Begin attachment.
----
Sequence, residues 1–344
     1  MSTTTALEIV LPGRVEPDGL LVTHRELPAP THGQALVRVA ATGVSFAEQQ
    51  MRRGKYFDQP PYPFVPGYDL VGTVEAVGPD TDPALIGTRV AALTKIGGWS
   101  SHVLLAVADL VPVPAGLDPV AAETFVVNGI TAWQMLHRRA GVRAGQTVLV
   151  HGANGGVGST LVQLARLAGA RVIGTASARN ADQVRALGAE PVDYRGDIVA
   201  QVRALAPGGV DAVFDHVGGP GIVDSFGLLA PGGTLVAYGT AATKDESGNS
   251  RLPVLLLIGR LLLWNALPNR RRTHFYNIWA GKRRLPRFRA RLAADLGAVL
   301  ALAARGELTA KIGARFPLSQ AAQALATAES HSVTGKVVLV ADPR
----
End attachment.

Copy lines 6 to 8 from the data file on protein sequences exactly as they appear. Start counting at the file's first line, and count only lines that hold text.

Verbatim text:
   201  QVRALAPGGV DAVFDHVGGP GIVDSFGLLA PGGTLVAYGT AATKDESGNS
   251  RLPVLLLIGR LLLWNALPNR RRTHFYNIWA GKRRLPRFRA RLAADLGAVL
   301  ALAARGELTA KIGARFPLSQ AAQALATAES HSVTGKVVLV ADPR